LGBTQ Homelessness Issues

While LGBT youth are at in increased risk of being homeless, simply for being LGBT identified individuals, we must consider what other issues these youth are put at risk of because of their LGBT homeless status. First of all, in general, LGBT youth are more susceptible for mental health issues because of rampant homophobia and transphobia within our society and the lack of resources out there to help young LGBT people deal with the stress of discrimination. The increased rate of mental health issues can lead to an increase in issues with homelessness and employment and then these issues are further exacerbated by a youth’s homeless status. According to the Young Street Mission, LGBT homeless youth reported that services offering mental health care were not considered to be accessible or responsive to their specific needs and youth also expressed fear of being further stigmatized if they sought out mental health services. Lack of income and adequate housing can also make it difficult for young people to get access to mental health resources, since many of these resources are not covered under public health care, which can help prevent homelessness in the first place and help aid young people who are struggling with mental health issues to get off the streets and back into school or into gainful employment.

Mental health issues are also one of the major causes of death for homeless LGBT youth and homeless LGBT youth have extremely high rates of suicide. According to a study done on Toronto street youth, queer street youth have an increased rate of thoughts of suicide and attempts at suicide compared to their heterosexual and cisgendered counterparts. 70.2% of LGBT homeless youth reported that they’d had thoughts of suicide compared to only 48.5% of heterosexual respondents. Even more alarming than this is the fact that while 25% of heterosexual and cisgendered respondents reported attempting suicide where the harm done required medical attention, a whopping 87.5% of queer respondents reported that they had attempted suicide at least once… that’s well over double the rate of their non-queer counterparts. Furthermore, the increased rate of mental health issues among LGBT homeless youth leads to an increase in substance abuse which in turn aids in the increase of LGBT youth participating in prostitution which leads to an increased rate of sexually transmitted diseases among LGBT homeless youth.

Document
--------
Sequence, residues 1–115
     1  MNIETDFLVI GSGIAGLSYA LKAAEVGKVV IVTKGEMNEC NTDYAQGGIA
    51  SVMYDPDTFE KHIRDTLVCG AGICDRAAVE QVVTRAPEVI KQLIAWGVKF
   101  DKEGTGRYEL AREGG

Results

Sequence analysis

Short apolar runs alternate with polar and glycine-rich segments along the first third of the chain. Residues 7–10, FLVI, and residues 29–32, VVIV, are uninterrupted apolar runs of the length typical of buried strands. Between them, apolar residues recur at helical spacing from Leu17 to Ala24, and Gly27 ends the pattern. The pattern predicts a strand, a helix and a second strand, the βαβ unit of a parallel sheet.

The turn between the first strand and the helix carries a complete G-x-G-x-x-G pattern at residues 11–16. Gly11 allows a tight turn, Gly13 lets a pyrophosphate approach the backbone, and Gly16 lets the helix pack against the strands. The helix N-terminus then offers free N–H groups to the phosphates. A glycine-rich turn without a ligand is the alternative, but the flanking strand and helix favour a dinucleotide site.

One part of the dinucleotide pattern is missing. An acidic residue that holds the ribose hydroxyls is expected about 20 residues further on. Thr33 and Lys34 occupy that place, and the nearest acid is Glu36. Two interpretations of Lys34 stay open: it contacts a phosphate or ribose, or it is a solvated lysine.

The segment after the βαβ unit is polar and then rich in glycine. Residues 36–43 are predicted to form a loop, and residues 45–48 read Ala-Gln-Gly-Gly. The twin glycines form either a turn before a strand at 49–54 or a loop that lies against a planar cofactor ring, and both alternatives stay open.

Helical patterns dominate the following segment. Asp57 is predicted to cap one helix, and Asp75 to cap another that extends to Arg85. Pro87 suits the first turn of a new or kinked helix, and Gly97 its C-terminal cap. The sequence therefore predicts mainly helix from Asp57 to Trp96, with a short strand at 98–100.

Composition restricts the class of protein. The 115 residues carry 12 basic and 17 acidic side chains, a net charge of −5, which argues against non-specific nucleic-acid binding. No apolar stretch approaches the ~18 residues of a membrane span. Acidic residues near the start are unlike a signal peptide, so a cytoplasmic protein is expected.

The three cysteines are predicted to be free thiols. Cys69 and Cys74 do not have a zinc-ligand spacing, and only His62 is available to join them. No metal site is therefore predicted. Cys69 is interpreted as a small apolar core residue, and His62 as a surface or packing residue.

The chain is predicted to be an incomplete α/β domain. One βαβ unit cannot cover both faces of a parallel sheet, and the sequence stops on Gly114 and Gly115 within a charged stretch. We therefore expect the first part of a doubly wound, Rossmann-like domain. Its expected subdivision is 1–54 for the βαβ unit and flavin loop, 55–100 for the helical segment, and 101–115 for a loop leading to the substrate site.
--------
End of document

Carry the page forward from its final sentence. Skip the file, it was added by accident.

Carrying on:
The fact that LGBT homeless youth are often afraid to use shelter systems in fear of discrimination from both staff and residents leads to a disproportionate number of queer street youth living on the streets or seeking shelter through couch surfing or having sex with in exchange for shelter. The fact that queer homeless youth consider the streets to be safer than shelters leads to an increased risk for both physical, mental and sexual harassment. On top of all this, the fact that queer homeless youth are prone to turning to prostitution and becoming involved in illicit drugs and activities means that they are at greater risk for being institutionalized which further hinders their chances of finding employment and safe housing and ultimately getting off the street.


For more on LGBT youth homelessness in Toronto see Christine Wong-Chong’s report “Young, Queer, and Homeless in Toronto” available for download here


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